Sprint customers have enough connection woes to deal with when their phones are working just fine (I kid, I kid), so I can't imagine how frustrating it would be to have one that randomly loses data access. Apparently that was what was happening to at least some owners of the HTC One M8. According to the notes released on this support website, the latest Sprint over-the-air update (1.54.651.10) should fix the problem.
Would you believe that Motorola has been trying to decide what to do with the Photon Q for like...some large number of months? It's true. Up until today, the Motorola Upgrade Portal has been sitting steadily on "Future plan coming soon" for the poor ol' Q. Now, it has been updated to say "This device will remain on Android 4.1.2 (Jelly Bean)" – not much of a shocker there, really.
Oh well, at least folks who may still be using the Photon Q should be approaching the end of their contract at some point in the very near future, assuming the device was purchased shortly after it was released back in August of 2012.
It's time to fire up that Sprint Galaxy Tab 3 and see what all the fuss is about with this KitKat thing everyone's been talking about... for months. Well, it's not like you bought the Sprint version of the Gtab because you wanted fast updates – it was just dirt cheap, and sometimes free. Consequently, there are probably a fair number of devices out there getting an update today.
As is common with smartphone announcements, LG's G3 event was pretty cringe-worthy, but the phone looks intriguing, right? Those of you in the US will probably be able to get it on all carriers eventually, but so far AT&T, T-Mobile, and Sprint have signaled their intention to carry the G3 this summer.
Sprint is touting HD voice and Spark (tri-band LTE) support. The Now network is also getting the gold version of the device as a US exclusive, which I know will make you all very excited.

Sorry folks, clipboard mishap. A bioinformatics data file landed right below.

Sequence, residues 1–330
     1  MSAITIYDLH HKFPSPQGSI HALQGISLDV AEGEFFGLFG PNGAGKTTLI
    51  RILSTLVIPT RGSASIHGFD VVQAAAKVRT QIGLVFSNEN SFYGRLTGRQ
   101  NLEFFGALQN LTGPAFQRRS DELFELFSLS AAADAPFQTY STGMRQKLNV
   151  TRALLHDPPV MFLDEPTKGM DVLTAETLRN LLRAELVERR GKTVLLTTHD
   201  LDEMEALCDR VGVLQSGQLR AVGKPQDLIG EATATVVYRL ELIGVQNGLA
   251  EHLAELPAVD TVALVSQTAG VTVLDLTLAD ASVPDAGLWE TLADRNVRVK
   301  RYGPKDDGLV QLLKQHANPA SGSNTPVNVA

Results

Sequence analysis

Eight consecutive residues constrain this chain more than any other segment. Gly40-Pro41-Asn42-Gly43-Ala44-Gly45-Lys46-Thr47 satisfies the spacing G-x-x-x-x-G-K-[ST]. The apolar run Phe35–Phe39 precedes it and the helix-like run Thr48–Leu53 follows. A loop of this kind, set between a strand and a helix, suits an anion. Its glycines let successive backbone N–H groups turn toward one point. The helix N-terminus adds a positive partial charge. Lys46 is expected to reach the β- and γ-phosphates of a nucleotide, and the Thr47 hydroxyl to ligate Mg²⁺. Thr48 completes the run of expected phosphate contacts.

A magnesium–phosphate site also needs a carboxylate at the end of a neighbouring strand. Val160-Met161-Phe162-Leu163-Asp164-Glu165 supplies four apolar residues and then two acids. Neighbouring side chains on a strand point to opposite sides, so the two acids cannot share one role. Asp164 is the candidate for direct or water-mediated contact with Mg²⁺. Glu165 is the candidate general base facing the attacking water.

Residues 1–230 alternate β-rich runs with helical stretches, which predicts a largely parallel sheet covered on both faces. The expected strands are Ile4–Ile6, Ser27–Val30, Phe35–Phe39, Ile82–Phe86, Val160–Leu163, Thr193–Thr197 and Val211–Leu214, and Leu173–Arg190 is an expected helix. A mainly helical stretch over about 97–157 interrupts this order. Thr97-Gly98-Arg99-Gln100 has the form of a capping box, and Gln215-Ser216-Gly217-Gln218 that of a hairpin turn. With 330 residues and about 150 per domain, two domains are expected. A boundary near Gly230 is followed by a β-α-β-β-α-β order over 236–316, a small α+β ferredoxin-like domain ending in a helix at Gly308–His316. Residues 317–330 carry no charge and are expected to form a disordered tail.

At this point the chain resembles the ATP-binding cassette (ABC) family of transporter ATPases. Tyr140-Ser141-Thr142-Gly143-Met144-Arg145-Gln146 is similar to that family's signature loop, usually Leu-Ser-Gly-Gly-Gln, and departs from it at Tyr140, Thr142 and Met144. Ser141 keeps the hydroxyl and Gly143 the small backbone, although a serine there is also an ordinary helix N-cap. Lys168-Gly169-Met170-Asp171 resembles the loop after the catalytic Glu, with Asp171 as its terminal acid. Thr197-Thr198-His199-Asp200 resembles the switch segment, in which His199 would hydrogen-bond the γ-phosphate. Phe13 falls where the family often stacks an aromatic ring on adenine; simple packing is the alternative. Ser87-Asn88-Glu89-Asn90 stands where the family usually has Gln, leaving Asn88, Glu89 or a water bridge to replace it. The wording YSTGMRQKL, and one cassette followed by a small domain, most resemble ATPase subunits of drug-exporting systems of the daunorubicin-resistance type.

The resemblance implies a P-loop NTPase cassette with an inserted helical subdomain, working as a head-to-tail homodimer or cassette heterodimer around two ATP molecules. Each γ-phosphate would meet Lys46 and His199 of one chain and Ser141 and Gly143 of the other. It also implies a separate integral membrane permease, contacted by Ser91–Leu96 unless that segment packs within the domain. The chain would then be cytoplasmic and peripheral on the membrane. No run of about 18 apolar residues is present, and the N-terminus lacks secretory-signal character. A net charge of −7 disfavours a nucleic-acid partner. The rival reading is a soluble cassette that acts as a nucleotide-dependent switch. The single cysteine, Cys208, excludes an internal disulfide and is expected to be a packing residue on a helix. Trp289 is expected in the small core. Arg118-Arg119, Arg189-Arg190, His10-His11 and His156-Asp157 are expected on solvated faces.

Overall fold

The 64GB Moto X is fast becoming the latest unicorn of the Android landscape. After the graphics and code for a 64GB option were uncovered on the Moto Maker website, some leaked Sprint docs have shown up that offer more confirmation this device is going to be a thing. It's not a done deal, though.
It's hard to be Sprint these days. Its LTE rollout is lagging way behind the competition, it's losing subscribers and cash fast, and everyone is making fun of its "Framily" plans. That's too bad, but Sprint isn't going to get back in our good graces by charging money for things we already have or don't need in the first place. That's just what it's doing with the new Total Equipment Protection (TEP) Plus plan.
The Galaxy S5 is a pricey phone, the cost of which the big four American carriers typically offset by pushing consumers towards two-year contracts. They generally also offer the choice to pay for the entire phone upfront, but people who want to own the phone outright and have the several hundred necessary to do so stand to benefit from shopping around for the lowest price, and lowest commitment, option available. Today both Boost Mobile and Virgin Mobile have added their names to the list of providers willing to sell a Galaxy S5, doing so for $599.99 with no contract.
As other carriers have ended unlimited data in recent years, Sprint has held firm. This was perhaps the saving grace of its network as Sprint struggled to catch up to other carriers in the race for LTE coverage. According to a report from Fierce Wireless, Sprint is going to be pulling back a bit on unlimited 3G/4G data for the biggest users on its network. Beginning as soon as next month in some markets, anyone who falls in the top 5% of data consumers could potentially be throttled down to ensure others can get connectivity.